The eighteenth day of June (26F 10-12)

Now the eighteenth day of June it has ended the battle… True enough; however, the last battle in the Battle of Waterloo took place the next morning, the 19th of June (Napoleon wasn’t involved). So today is in fact the anniversary of the Battle of Waterloo, sort of.

And what better time to revisit some songs about Napoleon? Here (for week 12) is the Grand Conversation on Napoleon, closely followed by the (very similar) tune The Cuckoo’s Nest:

And here’s the Bonny Bunch of Roses. For a long time this was my ‘calling card’ song, the one I’d always do the first time I was in front of a new audience. (These days it’s more likely to be The Trees They Do Grow High.) I’m still very fond of this one, though.

At the time I was recording these, I didn’t anticipate ever wanting to revisit the recordings; although these were both assembled from three different tracks, I only kept a final mixed-down WAV file. Although I thought the vocal (and flute) performances were strong enough to keep, I would have liked to do something about the Bontempi drone – which sounded pretty good when it was the only drone I was capable of producing, but sounds rather whiny now. I’ve done what I could in terms of equalisation, but I’m afraid you can still hear it!

I have re-recorded this, however: Boney’s Lamentation, a small masterpiece of folk history and mondegreenery (We marched them forth in inveterate streams…)

Saving the best till, well, fourth… I’ve also re-recorded this:

A song you could spend years with. I must have sung it a hundred times, and it’s still different every time.

Going back a fortnight, Plains of Waterloo and the Bonny Bunch of Roses are unusual among folk songs in mentioning the month of June. The previous month is far more widely referenced. It’s May she comes and May she goes (poor girl)….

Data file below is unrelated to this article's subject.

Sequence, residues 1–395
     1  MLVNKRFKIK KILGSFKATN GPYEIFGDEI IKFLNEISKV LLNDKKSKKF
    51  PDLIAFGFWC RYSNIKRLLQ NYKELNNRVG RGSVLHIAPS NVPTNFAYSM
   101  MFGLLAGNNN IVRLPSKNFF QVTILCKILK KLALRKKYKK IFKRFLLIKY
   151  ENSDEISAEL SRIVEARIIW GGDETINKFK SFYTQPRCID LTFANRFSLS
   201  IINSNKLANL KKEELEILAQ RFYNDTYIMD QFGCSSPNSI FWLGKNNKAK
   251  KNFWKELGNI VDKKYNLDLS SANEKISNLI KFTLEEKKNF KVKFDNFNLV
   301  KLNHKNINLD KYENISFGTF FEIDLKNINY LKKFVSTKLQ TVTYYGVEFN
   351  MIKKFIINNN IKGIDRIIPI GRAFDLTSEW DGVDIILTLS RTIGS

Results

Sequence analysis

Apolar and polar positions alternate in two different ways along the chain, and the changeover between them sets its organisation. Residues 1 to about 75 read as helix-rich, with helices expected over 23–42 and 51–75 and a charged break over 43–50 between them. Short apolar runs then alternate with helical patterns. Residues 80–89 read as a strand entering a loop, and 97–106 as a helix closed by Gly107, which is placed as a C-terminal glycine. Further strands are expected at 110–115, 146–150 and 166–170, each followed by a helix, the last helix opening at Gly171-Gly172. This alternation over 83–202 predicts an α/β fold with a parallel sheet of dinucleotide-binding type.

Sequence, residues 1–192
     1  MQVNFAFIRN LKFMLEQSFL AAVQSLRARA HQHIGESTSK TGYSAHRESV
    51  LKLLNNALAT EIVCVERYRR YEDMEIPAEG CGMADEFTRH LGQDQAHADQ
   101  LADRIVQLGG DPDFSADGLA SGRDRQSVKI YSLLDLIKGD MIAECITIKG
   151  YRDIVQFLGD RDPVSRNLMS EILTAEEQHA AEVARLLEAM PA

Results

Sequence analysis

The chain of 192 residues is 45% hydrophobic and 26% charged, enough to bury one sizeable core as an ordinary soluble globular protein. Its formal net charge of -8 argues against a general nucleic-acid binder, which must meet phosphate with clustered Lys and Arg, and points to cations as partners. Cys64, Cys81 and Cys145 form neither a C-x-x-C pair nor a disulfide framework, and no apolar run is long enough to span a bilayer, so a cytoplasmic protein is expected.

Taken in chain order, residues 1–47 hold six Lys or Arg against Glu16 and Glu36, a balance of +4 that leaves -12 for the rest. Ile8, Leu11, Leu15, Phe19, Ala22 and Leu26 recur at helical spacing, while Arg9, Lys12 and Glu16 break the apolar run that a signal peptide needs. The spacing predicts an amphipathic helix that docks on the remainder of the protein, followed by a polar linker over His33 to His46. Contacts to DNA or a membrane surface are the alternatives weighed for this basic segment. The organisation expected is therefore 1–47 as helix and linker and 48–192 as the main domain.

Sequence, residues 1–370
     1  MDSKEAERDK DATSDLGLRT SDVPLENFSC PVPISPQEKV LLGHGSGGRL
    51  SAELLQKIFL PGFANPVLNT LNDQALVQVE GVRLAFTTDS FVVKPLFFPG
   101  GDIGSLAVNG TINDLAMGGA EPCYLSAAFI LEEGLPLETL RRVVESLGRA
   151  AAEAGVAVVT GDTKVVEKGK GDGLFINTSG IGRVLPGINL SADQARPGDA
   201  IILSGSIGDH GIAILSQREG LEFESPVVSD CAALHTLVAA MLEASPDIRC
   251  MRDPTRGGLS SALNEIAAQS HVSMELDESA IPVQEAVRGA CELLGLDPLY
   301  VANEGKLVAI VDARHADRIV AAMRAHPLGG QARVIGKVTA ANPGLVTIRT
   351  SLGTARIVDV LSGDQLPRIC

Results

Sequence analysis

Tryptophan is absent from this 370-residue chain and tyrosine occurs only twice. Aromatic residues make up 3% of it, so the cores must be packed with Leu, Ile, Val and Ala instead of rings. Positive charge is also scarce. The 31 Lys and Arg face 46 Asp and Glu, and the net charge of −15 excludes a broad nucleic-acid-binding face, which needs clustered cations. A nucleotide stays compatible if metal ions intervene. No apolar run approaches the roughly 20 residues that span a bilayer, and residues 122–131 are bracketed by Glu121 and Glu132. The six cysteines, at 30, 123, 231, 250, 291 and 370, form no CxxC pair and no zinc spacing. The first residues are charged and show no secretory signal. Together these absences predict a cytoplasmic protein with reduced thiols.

Another pre-concertina recording, with Tony Rose’s arrangement shadowed on melodica and flute. I actually think it works rather well. Remixed – or at least re-equalised – for this outing.

Where you’ve got the Bonny Hind, you’ve got to have Sheath and Knife. This is another new recording, using a vocal drone that I recorded ages ago (I think it was for Master Kilby). The thing with Sheath and Knife is to maintain a contrast between the verse and the blankly repeating refrain, and to keep the song sounding at once sweetly pretty and grimly ominous (“The broom blooms bonny”… how nice). And, of course, to avoid singing “the bloom brooms bonny” or “the boom bloons brommy”.

And who else roved out one May morning, when may was all in bloom? George Collins, come on down:

Another re-recording from scratch, and one I’m rather pleased with. I got the tune from Shirley & Dolly Collins (no relations) and worked out the accompaniment on paper; both the concertina chords and the recorder parts are actually scored.

Moving back to fortnight 10, we go back to the very last day of May, and a re-recording of the first song I recorded with concertina: The Valiant Sailor. This time round I’m playing it a bit more briskly, and (more importantly) I’m actually playing the accompaniment while I sing:

And, finally for this round-up, another re-recording. Searching for Lambs: one of the great English folk songs. Compared to the original recording, I’ve lost the zither and the melodica drone – and the slightly unearthly atmosphere they created – but gained concertina chords and recorder; I think it’s a pretty good swap.